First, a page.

BREXIT is pushing voters in Scotland towards backing independence, according to a major opinion poll published last night.

The survey found 38% of over-18s north of the Border were “more likely” to support the prospect compared to 25% who said they were “less likely” to back it. Some 31% said it made no difference to their view, while 6% said they did not know.

It also revealed that across the UK around half of voters – 46% – were unconcerned about Scotland deciding to leave the UK while 42% were not concerned if Northern Ireland joined the Republic.

While most voters across the UK thought Brexit would be bad for the economy, concerns were particularly acute in Scotland.

Some 54% of Scots thought leaving the EU would have a negative impact, compared to 44% in the UK as whole.

And just 21% of voters north of the Border believed quitting the bloc would have a positive effect n the economy, compared to 31% in the UK.

The poll was carried out by Survation, which interviewed 20,000 people online across every constituency in the UK between October 20 and November 2, making it the biggest independent survey of its kind on Brexit. The figures include a weighted total of 1,622 respondents in Scotland.

It was commissioned by Channel 4 ahead of a live debate on Brexit last night. But the programme, titled Brexit: What The Nation Really Thinks, provoked controversy for failing to include a representative from the SNP, despite Labour and Tory politicians taking part.

Using the data collected in survey polling, analysts said they estimated the UK would now vote to remain in the EU by a majority of 54% to 46%. They also concluded 105 local authorities in the UK that saw a majority vote Leave in 2016 would now vote Remain.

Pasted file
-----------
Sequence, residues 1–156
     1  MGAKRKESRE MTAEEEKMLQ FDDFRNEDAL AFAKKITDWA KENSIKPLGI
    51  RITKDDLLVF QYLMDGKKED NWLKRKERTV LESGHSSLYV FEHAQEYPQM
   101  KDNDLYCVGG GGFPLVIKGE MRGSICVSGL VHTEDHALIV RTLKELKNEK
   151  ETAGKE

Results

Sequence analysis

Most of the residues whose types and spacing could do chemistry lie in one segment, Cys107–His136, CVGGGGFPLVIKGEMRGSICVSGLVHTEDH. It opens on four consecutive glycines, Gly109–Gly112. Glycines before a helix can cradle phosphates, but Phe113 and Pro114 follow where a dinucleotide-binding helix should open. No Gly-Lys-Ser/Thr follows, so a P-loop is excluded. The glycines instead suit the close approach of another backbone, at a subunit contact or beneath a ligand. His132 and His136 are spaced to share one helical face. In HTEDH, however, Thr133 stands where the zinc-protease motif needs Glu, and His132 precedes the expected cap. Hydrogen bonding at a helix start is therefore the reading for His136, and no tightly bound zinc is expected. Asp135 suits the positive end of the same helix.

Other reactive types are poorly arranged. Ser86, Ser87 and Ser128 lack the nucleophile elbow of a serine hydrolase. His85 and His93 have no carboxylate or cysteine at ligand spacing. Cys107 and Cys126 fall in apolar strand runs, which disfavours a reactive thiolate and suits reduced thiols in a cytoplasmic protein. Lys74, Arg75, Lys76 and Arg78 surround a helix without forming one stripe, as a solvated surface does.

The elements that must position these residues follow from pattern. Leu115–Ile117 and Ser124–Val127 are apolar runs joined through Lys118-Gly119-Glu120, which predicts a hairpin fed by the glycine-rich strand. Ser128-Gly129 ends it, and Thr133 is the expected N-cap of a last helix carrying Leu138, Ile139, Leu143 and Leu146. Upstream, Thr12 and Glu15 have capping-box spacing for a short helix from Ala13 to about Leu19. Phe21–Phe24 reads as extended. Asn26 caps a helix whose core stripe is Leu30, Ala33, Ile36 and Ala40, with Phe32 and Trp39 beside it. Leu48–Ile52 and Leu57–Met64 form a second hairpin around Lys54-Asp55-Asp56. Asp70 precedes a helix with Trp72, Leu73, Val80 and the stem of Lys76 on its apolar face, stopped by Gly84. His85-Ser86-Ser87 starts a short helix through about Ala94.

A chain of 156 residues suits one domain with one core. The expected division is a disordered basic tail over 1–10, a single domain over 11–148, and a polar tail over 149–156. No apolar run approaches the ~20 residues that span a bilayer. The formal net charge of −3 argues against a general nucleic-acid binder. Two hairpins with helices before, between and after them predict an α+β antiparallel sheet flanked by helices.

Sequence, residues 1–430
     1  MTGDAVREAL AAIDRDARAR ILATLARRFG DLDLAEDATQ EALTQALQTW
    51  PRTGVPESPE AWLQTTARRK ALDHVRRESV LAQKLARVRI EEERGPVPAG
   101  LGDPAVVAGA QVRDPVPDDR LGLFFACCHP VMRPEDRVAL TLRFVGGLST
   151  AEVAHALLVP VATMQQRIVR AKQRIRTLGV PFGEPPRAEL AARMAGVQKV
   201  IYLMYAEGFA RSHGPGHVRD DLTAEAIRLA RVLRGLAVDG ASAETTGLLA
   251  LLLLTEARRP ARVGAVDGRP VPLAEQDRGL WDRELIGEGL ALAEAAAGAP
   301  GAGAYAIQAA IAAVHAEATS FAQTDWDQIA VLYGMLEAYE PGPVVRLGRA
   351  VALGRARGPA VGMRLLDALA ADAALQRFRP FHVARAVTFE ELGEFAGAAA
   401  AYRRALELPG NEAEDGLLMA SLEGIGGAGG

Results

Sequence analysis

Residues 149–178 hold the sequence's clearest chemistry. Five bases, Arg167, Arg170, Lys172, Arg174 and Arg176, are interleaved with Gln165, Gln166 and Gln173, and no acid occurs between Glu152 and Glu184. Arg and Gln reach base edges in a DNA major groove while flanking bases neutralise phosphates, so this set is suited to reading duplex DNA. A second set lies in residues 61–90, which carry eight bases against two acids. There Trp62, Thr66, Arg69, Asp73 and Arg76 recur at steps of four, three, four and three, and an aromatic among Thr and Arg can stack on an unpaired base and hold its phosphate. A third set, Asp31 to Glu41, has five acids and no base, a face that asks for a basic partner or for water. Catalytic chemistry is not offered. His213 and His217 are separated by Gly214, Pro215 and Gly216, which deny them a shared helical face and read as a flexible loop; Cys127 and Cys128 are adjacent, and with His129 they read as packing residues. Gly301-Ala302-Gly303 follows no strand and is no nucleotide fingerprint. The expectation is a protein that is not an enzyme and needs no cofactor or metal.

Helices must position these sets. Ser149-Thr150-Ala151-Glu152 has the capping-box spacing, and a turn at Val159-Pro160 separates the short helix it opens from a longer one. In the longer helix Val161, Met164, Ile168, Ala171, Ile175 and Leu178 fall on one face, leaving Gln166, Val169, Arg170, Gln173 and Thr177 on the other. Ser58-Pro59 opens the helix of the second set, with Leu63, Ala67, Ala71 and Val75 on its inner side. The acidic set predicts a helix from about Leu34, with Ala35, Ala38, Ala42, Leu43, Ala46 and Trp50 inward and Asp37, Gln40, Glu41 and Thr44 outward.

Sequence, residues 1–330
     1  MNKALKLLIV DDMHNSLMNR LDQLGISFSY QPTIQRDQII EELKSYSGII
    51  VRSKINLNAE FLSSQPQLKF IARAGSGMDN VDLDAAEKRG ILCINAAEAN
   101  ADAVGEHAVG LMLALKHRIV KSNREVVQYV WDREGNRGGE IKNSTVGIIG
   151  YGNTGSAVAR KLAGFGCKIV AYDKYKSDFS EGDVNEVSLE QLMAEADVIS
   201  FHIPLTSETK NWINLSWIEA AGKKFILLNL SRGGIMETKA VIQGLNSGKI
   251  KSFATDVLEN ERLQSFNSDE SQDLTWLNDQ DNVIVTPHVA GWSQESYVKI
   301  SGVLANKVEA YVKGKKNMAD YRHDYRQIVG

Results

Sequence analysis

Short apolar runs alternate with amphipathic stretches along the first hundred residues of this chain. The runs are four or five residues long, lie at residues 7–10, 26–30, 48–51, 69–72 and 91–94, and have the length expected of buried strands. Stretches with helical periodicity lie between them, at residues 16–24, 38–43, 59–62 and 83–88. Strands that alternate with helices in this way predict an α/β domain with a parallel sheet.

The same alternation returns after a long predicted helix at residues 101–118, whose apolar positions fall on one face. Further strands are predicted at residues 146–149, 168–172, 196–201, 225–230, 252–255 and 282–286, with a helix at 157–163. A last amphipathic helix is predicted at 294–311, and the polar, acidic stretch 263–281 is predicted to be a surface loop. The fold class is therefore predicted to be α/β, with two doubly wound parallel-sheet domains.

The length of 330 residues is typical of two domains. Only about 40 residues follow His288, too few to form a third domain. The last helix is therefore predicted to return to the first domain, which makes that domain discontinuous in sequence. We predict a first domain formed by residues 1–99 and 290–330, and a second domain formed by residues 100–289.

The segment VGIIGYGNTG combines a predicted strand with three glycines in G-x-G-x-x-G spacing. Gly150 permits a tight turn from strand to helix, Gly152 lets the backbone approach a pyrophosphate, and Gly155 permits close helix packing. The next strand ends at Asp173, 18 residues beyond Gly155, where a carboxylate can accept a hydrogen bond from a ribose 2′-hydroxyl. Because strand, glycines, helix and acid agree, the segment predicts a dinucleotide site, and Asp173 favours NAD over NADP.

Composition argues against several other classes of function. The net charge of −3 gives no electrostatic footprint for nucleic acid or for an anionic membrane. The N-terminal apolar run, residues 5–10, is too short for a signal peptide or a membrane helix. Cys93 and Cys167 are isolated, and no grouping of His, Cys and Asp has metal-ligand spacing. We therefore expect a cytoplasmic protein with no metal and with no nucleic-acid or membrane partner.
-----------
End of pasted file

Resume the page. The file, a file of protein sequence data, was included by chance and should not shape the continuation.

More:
The pollsters asked voters whether they thought former Foreign Secretary Boris Johnson, Labour leader Jeremy Corbyn and former Ukip leader Nigel Farage would secure a better deal with the EU than Theresa May. In Scotland Johnson commanded the lowest levels of confidence, with just 13% believing he would get a better deal – two points behind Farage.

Corbyn fared better, with 23% believing he would get a better deal than May, but 40% thought he would get a worse one.

However, across the UK the Labour leader failed to impress, with 46% believing he would do worse than the PM in the negotiations and only 24% thinking he would do better.

Voters were also quizzed on whether they thought immigration had had a positive effect on life in Britain, with 41% in the UK as a whole saying it had and 45% of Scots saying so.

The poll also revealed that 49% of voters in Scotland support a referendum with the choice of accepting Theresa May’s Brexit deal or remaining in the EU.

Nicola Sturgeon has backed a second EU referendum, with her party supporting the proposition at its conference last month.

However, since then SNP MP Pete Wishart and SNP MSP and former minister Alex Neil have raised concerns it could create a further obstacle to independence.

Commenting on the poll, Catherine Stihler, Labour MEP for Scotland and a pro-EU advocate, said: “This opinion poll confirms there is huge support for a people’s vote in Scotland. There are many different options for the ballot paper, but it’s significant that 49% of Scots support a referendum which gives voters the choice of remaining in the EU.

“Whatever Theresa May puts before her Cabinet, and whatever deal is eventually put to the Commons, there is no such thing as a good Brexit. It will decimate jobs and harm our economy.”